10 best union songs of all time (thanks to CBC)

Protest in Harmony (Edinburgh UCU) songsheet

Strike handbooks & guidance for members

KCL Student strike FAQs

Really comprehensive guide to strike activities and advice from Exeter UCU and Bristol UCU

Sheffield Hallam UCU

Comprehensive guide from the National Union of Students (February 2020) to supporting the strikes

James Sumner’s 2020 strike handbook

Sheffield UCU detailed guidance for members (2019)

Effective strike participation guidance (Jo McNeill)

Leicester UCU strike handbook (2019)

Sussex UCU Tumblr site (2019) (filled with goodies)

Guidance for autistic workers and UCU branches (produced by Anna Nibbs, Sheffield UCU, and Janine Booth, TUC Disabled Workers Committee)


South West Region Strike Rally and March, Wednesday 26 February, Meet 11am at the Victoria Rooms, 88 Queens Road, Clifton, Bristol


Southampton Solidarity Rally, 12.30pm Wednesday 26 February, Jubilee Plaza (Highfield)

UCU Scotland Strike Rally: 11.30am, Tuesday 25 February, Bristol Square, Edinburgh

London Strike Solidarity Assembly, 6.30pm Tuesday 25 February, Imperial Hotel, 61 Russell Square (with John McDonnell, Mark Serwotka, Jane Loftus, Lowkey & others)

Information about local hardship funds (from 2019)

Exeter UCU

Goldsmiths UCU

Leeds UCU

Strathclyde UCU

Liverpool UCU

York UCU

Cambridge UCU

Stirling UCU

Heriot-Watt UCU

Bangor UCU

Open University UCU

Pay deductions

See Andrew Chitty’s googledoc for up to date pay deductions in relation to the November/December strikes. Effectively, as of January 2020, most universities chose to deduct pay over one or two months. To the best of our knowledge, only eight institutions agreed to deductions spread over three monthsUSS Briefs have compiled a dossier of communications from vice-chancellors which contains some of this information. (Please email for updates on whether your branch has been able to negotiate staggered deductions).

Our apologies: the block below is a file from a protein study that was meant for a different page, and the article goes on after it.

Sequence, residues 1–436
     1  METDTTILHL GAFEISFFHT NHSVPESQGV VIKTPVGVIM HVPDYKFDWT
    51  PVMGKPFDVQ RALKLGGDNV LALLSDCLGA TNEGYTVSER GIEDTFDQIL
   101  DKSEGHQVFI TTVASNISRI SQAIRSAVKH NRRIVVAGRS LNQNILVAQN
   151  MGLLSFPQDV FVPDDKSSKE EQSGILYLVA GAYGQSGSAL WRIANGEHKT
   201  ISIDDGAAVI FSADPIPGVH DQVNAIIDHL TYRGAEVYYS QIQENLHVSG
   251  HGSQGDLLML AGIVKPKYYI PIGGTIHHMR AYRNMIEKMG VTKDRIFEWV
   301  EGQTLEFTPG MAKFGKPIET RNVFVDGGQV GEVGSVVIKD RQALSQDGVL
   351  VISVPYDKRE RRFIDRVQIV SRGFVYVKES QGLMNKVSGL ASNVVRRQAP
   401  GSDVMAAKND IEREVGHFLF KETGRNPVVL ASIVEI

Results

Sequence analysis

Goldsmiths UCU has issued some guidance to members in the light of its management’s refusal initially to spread deductions which contains some interesting proposals. Following pressure, management agreed to deduct pay over two months but in April and May 2020, i.e. five months after the action in order to allow members to prepare.

Branches get ready: are you preparing a strike timetable?

Newcastle UCU have asked up to post this very useful strike timetable (as well as a list of what needs to go into the ‘strike box’) in the run-up to the next period of action in #ucustrikesback.

Plus don’t forget that every picket line needs some ballet dancers (with thanks to striking dancers at the Paris Opera) so you will need to organise this in advance.

Solidarity motions and statements for Sunderland and SOAS UCU

Employers’ offensives are taking place at Sunderland – with the cutting of programmes in History, Politics and Modern Languages and the potential redundancy of 30 members of staff – and at SOAS – where management have unilaterally suspended research leave and slashed fractional budgets, piling up additional workload for permanent staff.

There has been a fantastic response from branches up and down the country. These are disputes of national significance and we encourage every branch to pass motions and invite speakers from both SOAS and Sunderland. This is what the market is doing to our sector – we need a vociferous and immediate response!

Message of support to SOAS UCU from Essex UCU